A Broken Cycle

Religious people often live in this cycle of sinning, feeling distant from God, getting depressed, trying to repent, feeling better about themselves…

and then sinning again.

It’s the most unfortunate thing. I believe it is what makes so many people give up on their faith or find spirituality unappealing in the first place. And the whole cycle is totally unnecessary.

True Christianity wasn’t supposed to be centered on our relationship with sin. It was always about Jesus, the Person of the Godhead who proved the Lord is loyal to us. He’s not intimidated by our sin.

Jesus exposed the fallacy of the idea that our sin separates us from God when Christ — who is fully God — came and lived with sinners. Then He died on the Cross, not just “for” our sins, but according to 2 Corinthians 5:21 He actually “became” sin itself.

“For our sake he made him to be sin who knew no sin, so that in Him we might become the righteousness of God.” (ESV)

God-in-the-flesh became sin, and He didn’t stop having a divine identity because of it. Further, the Father did not separate His Presence from the Son here because of the sin He was carrying to the Cross. Rather, the Trinity stayed fully intact. Second Corinthians 5:19 tells us, “in Christ God was reconciling the world to Himself, not counting their trespasses against them.” God was “in Christ,” even when the perfect Son assumed our sinful identity. The Lord was not letting sin(s) stop Him from being radical, loyal, Love — even in that most shameful of moments.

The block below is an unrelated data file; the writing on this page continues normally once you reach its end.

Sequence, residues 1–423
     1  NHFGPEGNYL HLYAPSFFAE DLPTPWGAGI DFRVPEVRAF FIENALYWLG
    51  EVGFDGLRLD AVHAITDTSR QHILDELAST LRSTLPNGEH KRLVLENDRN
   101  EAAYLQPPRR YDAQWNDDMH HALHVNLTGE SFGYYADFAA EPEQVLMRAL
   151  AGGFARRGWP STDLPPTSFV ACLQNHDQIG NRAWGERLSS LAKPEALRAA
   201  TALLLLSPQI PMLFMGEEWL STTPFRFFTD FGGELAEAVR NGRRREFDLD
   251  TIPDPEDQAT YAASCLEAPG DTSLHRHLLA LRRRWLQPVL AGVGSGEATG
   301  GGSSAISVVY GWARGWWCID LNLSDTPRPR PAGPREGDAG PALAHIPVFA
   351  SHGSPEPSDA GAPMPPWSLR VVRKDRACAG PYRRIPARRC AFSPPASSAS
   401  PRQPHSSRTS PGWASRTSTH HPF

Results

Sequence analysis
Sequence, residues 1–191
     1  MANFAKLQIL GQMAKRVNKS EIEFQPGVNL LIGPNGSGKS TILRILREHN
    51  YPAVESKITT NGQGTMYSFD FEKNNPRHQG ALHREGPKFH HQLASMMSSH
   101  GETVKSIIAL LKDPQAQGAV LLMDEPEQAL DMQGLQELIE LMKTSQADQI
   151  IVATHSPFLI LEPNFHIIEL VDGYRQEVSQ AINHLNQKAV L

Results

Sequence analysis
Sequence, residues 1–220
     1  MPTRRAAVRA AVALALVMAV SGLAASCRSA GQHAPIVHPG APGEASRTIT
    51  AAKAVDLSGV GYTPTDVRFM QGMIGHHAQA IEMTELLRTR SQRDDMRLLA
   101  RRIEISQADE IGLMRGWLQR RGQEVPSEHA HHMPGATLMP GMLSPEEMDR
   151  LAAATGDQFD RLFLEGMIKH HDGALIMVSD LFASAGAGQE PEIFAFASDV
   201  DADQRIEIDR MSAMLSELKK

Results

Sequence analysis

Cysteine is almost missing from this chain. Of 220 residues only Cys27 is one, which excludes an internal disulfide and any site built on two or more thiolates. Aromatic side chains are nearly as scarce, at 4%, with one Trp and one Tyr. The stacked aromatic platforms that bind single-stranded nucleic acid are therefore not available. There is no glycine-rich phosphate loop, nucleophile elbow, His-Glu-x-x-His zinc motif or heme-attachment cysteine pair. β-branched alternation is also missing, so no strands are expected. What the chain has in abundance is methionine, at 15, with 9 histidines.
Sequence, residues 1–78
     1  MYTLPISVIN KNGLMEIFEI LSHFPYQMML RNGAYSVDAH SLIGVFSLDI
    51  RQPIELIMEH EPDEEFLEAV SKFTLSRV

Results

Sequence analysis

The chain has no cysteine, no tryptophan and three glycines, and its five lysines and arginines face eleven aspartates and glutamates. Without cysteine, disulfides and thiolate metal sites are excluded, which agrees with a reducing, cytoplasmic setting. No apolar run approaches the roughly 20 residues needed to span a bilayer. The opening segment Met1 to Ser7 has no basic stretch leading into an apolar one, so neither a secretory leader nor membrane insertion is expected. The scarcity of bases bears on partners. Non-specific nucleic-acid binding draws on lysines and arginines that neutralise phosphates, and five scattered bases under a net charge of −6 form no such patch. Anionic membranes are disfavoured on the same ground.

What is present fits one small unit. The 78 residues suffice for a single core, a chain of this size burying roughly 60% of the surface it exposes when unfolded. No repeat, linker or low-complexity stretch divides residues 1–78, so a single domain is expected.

God never withdraws.

This ruins the idea that we need to somehow do anything ourselves to get back on God’s good side when we fail. God is always on our side, even when we are not on His. We don’t have to climb back into His manifest Presence somehow. The Manifest God already came down and got into our presence.

The Manifest God already came down and got into OUR presence.

When I sin these days, I am careful with how I go about the “repentance” process. I might say some kind of heartfelt apology, but not because I worship the kind of Father who withholds forgiveness until I admit my failure. He teaches me to love more unconditionally than that, as a reflection of how He has loved me (Colossians 3:13, Ephesians 4:23). Besides, I know that our relationship is not based upon me getting it right in the first place.

When I repent, I express to God that I care about His feelings, and I move straight to discussing with Him how I might find ways to change the thought-patterns that led to the bad decision I made in the first place. I don’t question whether or not God is still with me and for me, in any sense, for any amount of time.

Don’t let yourself come under any kind of shame in the name of practicing “humility” and “repentance.” It will only slow you down in really growing and maturing. Plus, it can keep you from fully enjoying the grace God gave so freely to us already — grace that we are qualified to likewise share with others freely.

In other words, guard yourself from trying to get back into union with God. Jesus already did that for you. Any efforts on our part to repeat that Finished Work will only lead to an endless cycle of regret.

For your own good — don’t waste your time on that.

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